Savings per month: $40

*Instead of blasting your air conditioner during the summer consider using heavy curtains on your windows to keep the sun and heat out.  And open as many doors and windows as you can to let in the breeze.  We don’t use our AC at all in the summer, except when we will be out all day and can’t leave windows open.
Savings per month: $50

*In the winter, turn your thermostat down a few degrees at night and use another blanket to keep warm.  Or just snuggle really close to your spouse:)
Savings per month: $30

*If you can afford it, invest in a wood stove for heat.  Firewood is a lot cheaper than propane or gas (it costs us $700 to fill our propane tanks, and we would have to do that more than once a year.  To purchase enough wood to heat our home exclusively for 1 year would cost around $500!)! Having a wood stove ensures we always have heat, even in a power failure when the furnace won’t work.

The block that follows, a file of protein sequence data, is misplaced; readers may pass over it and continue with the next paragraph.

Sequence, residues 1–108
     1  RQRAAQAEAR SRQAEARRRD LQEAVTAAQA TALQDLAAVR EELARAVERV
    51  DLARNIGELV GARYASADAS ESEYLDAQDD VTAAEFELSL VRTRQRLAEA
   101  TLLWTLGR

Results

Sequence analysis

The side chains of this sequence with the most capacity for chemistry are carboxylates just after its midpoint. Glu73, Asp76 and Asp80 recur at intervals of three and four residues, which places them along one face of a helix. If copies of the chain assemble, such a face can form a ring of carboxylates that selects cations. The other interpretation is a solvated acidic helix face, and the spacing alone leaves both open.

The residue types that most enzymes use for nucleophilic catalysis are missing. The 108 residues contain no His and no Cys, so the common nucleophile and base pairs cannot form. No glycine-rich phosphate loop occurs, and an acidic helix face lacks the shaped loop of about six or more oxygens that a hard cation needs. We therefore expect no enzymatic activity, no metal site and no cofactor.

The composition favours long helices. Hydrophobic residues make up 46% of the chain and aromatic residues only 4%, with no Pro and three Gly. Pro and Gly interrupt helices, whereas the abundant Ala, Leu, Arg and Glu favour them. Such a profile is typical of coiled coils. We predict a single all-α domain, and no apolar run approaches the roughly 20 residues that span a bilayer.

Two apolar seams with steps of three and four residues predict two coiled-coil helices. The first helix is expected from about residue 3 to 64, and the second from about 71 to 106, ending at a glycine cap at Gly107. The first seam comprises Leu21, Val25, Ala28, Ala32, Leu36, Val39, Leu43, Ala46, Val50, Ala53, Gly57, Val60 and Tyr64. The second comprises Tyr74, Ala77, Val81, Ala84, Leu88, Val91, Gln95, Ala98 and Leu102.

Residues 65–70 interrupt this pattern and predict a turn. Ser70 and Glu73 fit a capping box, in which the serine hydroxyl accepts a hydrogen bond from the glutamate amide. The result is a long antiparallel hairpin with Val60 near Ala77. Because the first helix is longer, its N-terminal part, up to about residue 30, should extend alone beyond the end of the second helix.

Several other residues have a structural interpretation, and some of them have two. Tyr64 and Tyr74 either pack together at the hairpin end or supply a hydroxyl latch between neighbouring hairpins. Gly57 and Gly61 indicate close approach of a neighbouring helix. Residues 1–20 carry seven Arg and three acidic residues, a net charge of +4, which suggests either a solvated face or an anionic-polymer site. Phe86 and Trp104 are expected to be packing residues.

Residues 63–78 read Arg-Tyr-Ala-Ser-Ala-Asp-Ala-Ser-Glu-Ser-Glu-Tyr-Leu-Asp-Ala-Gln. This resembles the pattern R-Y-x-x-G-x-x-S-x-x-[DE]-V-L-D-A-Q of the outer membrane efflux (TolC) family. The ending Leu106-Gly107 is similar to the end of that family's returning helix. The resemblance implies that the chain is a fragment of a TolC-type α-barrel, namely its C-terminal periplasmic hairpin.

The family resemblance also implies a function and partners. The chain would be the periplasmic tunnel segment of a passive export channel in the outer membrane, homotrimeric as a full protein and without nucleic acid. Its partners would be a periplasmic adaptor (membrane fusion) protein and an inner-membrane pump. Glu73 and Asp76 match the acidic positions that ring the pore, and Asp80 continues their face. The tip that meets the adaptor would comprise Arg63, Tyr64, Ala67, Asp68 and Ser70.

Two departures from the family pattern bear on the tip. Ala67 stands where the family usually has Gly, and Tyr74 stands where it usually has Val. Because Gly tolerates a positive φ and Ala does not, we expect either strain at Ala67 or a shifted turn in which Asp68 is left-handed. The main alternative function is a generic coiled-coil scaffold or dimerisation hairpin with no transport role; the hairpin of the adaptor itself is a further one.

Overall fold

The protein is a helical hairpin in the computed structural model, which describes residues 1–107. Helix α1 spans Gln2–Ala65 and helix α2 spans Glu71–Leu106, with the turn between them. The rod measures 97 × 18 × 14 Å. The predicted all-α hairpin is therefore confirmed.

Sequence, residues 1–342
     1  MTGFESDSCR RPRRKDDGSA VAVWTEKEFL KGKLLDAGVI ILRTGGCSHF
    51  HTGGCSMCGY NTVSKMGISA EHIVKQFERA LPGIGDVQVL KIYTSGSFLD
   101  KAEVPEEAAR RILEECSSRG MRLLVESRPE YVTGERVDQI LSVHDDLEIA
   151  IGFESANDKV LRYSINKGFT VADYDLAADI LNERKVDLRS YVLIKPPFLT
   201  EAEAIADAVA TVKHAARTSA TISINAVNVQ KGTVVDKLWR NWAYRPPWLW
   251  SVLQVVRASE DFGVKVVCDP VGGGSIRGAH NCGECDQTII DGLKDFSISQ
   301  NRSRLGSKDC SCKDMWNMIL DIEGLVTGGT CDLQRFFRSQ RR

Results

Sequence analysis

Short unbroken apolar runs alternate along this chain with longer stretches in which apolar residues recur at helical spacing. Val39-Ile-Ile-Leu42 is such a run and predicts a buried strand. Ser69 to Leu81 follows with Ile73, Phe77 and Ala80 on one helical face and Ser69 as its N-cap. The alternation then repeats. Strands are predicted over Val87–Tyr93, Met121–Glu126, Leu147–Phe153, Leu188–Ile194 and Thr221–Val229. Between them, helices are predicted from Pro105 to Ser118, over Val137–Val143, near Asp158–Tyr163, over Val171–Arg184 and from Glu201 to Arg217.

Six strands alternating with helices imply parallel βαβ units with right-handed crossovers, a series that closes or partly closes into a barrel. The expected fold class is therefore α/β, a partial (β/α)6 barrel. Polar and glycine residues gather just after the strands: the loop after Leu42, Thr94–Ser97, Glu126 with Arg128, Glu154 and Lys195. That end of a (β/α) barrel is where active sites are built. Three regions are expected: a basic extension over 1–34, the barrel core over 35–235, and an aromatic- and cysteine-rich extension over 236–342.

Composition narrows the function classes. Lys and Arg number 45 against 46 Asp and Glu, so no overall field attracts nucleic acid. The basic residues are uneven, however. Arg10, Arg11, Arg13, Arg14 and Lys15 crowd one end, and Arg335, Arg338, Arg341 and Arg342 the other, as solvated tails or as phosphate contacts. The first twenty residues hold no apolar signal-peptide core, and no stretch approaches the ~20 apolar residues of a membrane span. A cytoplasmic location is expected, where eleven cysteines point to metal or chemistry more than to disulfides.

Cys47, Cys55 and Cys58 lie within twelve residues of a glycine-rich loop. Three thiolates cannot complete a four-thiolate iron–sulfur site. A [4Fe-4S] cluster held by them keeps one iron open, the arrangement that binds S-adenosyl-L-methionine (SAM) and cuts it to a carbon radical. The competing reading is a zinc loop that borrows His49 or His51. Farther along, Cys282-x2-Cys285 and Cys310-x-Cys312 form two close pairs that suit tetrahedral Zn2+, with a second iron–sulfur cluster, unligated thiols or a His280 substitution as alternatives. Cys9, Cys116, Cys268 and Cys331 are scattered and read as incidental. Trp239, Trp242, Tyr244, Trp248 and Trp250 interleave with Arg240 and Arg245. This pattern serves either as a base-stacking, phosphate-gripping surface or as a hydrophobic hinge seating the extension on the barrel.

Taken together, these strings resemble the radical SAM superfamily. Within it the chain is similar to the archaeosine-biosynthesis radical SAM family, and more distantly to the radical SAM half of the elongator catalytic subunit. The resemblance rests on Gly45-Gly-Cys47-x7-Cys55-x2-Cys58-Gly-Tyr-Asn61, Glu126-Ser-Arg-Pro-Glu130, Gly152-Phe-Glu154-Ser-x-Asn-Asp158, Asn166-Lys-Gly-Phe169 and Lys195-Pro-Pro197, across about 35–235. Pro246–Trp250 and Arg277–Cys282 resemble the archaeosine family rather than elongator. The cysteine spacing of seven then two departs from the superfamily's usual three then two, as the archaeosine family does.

Savings per month: $95 

*If your home is supplied with city water DRINK IT instead of purchasing bottled water!  Likewise if you are on well water, ensure it is safe to drink and then drink it.  In our area the local heath unit offers free well water testing, so look into a similar program in your city.
Savings per month: $10 (I’m being stingy with this figure because I honestly have no clue how much bottled water costs)

*Wash your laundry in cold water, since it uses less energy and hang your wet clothes up to dry instead of using the dryer.  If you have the outdoor space I highly recommend using a clothesline (I just checked the Home Depot website and they have tons of options) or one of those drying trees.  If you are lacking in outdoor space, I suggest you look into a folding drying rack for indoors.
Savings per month: $20

*Cancel your cable/satellite and subscribe to a legitimate service like Netflix. We pay $7 a month and have access to hundreds of TV show and movies.
Savings per month: $?? I have no idea what cable packages cost